According to the Department of Commerce and Consumer Affairs website, Triple 7 was owned by LY20 LLC, whose members include the Yamadas, plus Richard Yamada, Roy Horihata and the Fujimotos.

Triple 7 was raided on at least two other occasions: on March 1, 2016, located at 500 Manono St. and later at 224 Kamehameha Ave. and on July 20, 2012, at the Manono Street location, when it was known as 777 Arcade.

Fukui, the Yamadas, Colon and Kaluhikaua are accused of tampering with evidence and intentionally trying to destroy or remove gambling devices.

“There’s gonna be something that pops up, especially in an island community,” Ferreira said.

Ferreira said the department takes complaints against officers seriously. If they needed to be suspended, they’re suspended. If they need to be terminated, they’re terminated.

Hawaii Police initially forwarded their drug investigation into one of their own sworn personnel to the Hawaii County Prosecutor’s Office on March 2, 2018, after cocaine was found missing from the Hilo evidence storage facility.

After reviewing the case, County Prosecutor Mitch Roth forwarded it to the Attorney General’s Office in Honolulu, which assigned it to the Honolulu Prosecutor’s Office because of a conflict of interest.

After months of reviewing the case, Honolulu determined in October there was no probable cause to support a charge of Securing the Proceeds of an Offense or any other crime.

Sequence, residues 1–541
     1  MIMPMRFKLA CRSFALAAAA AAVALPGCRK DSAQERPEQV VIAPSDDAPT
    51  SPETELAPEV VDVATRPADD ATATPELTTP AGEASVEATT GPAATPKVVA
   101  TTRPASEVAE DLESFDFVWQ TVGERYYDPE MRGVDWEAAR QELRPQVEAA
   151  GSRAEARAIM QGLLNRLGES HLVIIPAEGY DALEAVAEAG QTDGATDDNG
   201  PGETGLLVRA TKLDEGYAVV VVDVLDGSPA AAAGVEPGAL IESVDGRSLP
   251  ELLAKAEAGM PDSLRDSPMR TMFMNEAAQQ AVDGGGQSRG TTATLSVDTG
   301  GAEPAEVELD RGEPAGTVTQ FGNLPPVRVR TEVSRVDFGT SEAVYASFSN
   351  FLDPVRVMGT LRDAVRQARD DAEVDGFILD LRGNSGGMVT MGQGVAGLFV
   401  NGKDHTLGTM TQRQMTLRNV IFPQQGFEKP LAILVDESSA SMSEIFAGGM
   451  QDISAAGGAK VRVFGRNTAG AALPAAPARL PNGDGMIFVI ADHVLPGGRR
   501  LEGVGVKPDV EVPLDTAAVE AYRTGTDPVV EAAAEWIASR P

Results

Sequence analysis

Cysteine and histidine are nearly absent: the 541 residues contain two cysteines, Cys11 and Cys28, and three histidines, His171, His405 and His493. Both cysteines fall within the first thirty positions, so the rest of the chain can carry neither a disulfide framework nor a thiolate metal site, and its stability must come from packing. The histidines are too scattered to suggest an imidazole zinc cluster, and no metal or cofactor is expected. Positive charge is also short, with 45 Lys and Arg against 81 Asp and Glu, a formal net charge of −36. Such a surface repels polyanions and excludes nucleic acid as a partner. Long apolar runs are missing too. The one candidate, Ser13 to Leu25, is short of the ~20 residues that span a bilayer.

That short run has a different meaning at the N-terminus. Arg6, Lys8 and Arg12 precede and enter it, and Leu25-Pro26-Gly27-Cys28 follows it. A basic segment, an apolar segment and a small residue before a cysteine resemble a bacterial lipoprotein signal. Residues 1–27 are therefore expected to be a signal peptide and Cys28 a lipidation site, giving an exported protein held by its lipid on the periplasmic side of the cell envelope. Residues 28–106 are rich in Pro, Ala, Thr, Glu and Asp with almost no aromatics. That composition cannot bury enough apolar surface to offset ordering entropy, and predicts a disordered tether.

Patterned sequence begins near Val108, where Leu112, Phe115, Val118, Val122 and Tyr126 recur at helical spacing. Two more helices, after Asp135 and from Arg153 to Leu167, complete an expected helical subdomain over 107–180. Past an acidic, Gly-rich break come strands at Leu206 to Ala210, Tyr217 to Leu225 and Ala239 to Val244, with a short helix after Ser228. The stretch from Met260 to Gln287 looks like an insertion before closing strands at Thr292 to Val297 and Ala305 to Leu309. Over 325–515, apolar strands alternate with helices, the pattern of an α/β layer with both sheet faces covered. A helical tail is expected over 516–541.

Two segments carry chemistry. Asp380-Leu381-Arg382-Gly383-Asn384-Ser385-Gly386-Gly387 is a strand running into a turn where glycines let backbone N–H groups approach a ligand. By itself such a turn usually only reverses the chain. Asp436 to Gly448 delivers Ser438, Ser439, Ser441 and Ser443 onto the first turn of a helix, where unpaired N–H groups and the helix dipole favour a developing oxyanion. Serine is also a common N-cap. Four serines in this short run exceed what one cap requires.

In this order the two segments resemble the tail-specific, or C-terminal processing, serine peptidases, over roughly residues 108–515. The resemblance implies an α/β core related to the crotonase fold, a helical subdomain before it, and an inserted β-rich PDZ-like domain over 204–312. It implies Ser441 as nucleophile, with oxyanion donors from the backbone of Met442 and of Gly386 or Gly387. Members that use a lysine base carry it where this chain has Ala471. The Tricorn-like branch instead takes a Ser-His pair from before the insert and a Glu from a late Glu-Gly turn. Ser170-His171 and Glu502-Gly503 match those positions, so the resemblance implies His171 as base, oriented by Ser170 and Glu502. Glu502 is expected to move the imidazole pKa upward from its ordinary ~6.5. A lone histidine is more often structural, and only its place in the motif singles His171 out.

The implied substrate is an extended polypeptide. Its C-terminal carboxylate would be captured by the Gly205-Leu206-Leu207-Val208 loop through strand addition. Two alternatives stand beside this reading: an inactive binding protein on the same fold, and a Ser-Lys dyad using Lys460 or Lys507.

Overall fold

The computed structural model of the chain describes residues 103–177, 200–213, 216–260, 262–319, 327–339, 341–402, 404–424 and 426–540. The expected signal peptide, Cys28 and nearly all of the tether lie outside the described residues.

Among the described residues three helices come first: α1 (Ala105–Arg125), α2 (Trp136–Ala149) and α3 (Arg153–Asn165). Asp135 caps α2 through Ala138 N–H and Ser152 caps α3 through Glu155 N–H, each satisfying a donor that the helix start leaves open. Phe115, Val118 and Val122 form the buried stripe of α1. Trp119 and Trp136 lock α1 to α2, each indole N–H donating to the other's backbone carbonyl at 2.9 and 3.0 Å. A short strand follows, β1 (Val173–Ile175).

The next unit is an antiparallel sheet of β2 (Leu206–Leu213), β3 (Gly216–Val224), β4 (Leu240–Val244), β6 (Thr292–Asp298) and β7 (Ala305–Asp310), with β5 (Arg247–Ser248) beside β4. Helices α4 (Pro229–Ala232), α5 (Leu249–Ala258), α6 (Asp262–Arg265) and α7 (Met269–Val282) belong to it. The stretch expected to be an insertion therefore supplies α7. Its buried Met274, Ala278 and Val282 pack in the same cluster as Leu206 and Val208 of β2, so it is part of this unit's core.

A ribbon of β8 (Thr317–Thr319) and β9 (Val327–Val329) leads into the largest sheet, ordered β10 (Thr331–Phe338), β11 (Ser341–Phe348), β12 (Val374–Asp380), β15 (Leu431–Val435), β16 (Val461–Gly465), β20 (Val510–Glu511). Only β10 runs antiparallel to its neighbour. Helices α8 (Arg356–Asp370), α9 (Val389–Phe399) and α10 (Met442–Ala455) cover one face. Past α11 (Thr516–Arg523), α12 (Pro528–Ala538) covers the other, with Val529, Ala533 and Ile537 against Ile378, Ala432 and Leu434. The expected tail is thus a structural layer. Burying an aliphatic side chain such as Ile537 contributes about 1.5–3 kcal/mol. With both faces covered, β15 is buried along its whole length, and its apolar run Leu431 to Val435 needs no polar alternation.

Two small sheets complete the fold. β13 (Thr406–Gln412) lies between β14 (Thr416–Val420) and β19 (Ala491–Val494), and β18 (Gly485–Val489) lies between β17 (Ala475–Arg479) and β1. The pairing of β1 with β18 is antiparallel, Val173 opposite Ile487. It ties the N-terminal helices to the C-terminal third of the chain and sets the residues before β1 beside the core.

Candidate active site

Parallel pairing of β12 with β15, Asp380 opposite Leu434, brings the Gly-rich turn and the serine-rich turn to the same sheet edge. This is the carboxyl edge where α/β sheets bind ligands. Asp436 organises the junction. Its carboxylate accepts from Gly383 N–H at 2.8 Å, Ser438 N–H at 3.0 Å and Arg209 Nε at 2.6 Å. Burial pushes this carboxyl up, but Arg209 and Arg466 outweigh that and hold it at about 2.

Prosecutors on Tuesday said they began reviewing the case again after receiving more information in December. The conflict of interest that existed in March 2018 that kept Hawaii County prosecutors from pursuing the case has been resolved. That conflict occurred in the Hilo office, prosecutors said, but could not go into more detail.

The initial police investigation began in fall 2017 when cocaine, originally recovered in 2014, was found to be lighter than reported during its initial recovery. The discrepancy was discovered when the evidence was being weighed in preparation to utilize a small quantity of the cocaine for training purposes.

The investigation identified a sworn employee as a person of interest for the missing portions of the drug, police said. The employee was placed on administrative leave without pay and subsequent audits of other evidence recovered by the officer revealed other anomalies, which revealed cases where there was a weight discrepancy in marijuana concentrate, (hashish), from two separate investigations.

Miller retired as a detective after 26 years of service on Feb. 2, 2018. He worked in South Kohala, Puna and Hilo.

Fukui retired as a captain after 34 years of service on June 30, 2006. He worked in Hilo, Kona Puna, North Kohala and South Kohala. He applied for police chief in 2008, but Deputy Chief Harry Kubojiri was chosen. After his time on the force, he worked for the Hawaii County prosecutor’s office as an investigator from 2007 to 2014.

Officials at the prosecutor’s office say this was not the conflict of interest that prompted the office to send the case to Honolulu.

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Both men retired with full pensions, which they will keep if they are convicted of any criminal charges, according to police.

The cases will be heard in Circuit Court in Hilo.